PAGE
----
Over the next 7 weeks, I want to share a different blog post each week pulled from Syrup's framework for brand clarity. I've been really inspired by my team's process to help build great brands. My hope is to inspire both your organization and you as an individual, to better own your brand, the foundation for any future meaningful connection. Some of these steps require some real homework and introspection. There's only so much a blog can really offer. However, I hope it sparks some deeper thoughts and action.

I love Simon Sinek's TED Talk "How Great Leaders Inspire Action." I've probably watched it 5 times, recommended it a dozen more, and even made my teenage children watch it.  If you haven't seen it, click the link above. You will be inspired! Along with inspiration from Malcolm Gladwell and Seth Godin, I've incorporated Sinek's "The Golden Circle" directly into my marketing toolbox. 

At Syrup, we call our foundational exercise for brand clarity, "Purpose and Power."  During the exercise, we get the company stakeholders talking, and help guide them to a place of clarity around their mission, vision, purpose, culture and values, all of which are foundational to building a strong brand. However, I noticed a slight difference between our framework and Sinek's. Where Sinek "starts with the why," Syrup's process starts with identity, the who.

 Syrup's framework for brand clarity.

Syrup's framework for brand clarity.

I asked our creative director, Benj Miller, about the disparity in our approach and Sinek's. Benj replied, "Well, first of all, it's not really a linear process. As we help company's uncover their purpose, their identity is revealed at the same time.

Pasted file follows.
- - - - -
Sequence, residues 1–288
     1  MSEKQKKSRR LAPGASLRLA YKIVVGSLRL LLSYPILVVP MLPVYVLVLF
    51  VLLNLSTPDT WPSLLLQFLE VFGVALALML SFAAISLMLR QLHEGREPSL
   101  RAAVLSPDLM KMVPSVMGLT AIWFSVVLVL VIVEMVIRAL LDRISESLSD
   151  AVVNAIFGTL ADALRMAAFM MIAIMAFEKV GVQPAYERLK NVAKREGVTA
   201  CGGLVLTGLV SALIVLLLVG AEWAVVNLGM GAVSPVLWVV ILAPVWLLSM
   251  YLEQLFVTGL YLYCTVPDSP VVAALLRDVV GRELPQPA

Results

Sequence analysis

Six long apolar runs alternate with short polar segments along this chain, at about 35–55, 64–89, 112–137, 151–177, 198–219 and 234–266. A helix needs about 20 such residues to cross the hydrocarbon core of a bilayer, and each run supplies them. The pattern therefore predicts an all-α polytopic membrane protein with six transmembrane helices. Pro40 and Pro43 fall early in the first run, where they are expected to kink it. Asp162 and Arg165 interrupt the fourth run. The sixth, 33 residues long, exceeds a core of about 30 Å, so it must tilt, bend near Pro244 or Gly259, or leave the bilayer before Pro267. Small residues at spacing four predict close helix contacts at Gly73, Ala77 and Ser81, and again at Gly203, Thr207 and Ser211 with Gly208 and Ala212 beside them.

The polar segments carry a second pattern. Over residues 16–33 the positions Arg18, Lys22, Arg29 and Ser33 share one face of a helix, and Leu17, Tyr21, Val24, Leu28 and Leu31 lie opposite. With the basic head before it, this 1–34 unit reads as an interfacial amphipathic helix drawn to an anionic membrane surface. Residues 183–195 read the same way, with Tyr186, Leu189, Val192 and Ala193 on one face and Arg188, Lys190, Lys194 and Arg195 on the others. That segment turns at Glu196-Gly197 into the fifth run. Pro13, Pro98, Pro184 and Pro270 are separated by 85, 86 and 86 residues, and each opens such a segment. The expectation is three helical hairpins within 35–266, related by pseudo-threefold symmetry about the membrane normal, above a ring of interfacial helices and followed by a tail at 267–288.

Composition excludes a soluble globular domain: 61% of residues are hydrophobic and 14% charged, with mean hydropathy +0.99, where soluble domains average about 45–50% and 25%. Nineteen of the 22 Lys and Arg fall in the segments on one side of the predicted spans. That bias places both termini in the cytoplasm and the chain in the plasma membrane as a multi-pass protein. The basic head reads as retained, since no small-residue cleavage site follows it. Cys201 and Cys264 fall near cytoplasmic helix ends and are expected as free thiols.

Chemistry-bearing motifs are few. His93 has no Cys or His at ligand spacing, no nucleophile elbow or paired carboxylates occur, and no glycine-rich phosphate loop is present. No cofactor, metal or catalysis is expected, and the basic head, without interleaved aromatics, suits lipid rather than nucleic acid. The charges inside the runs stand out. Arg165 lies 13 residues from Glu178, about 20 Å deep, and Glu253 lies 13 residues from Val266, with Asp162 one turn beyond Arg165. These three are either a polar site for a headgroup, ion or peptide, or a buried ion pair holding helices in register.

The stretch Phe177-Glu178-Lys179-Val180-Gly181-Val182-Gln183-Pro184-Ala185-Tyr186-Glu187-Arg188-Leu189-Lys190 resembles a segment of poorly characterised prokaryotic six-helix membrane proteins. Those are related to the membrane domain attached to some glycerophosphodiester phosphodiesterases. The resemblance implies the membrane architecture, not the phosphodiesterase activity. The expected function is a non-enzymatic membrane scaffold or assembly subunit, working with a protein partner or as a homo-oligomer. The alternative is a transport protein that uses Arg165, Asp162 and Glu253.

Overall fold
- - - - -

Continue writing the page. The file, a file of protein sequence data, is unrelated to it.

But really, there are two parts to identity; who you are and whom you serve. We help companies discover both.
— Benj Miller, Syrup Marketing

That really resonated with me. When I think about my favorite brands and their leaders, they all seem to have a strong sense of self, and a genuine love for their customers. That's what impressed me most about Taylor Swift. She knows who she is. She's comfortable in her own skin. She knows her audience and genuinely loves them. It took Bono 2 decades, but he finally found peace with who he was and whom he wanted to serve with his platform. He used to advocate for everything, and he was ineffective. Then, he found a laser-focus on whom he would serve, the world's poor, and has been a part of saving millions of lives because of it. Great businesses operate from great cultures, which have at their core dynamic leaders who know themselves and love their customers.

Maybe you're not in the seat to help your entire company go through this kind of introspection, but you can take advantage of the next few moments, and a new year, to do a little personal evaluation on your own.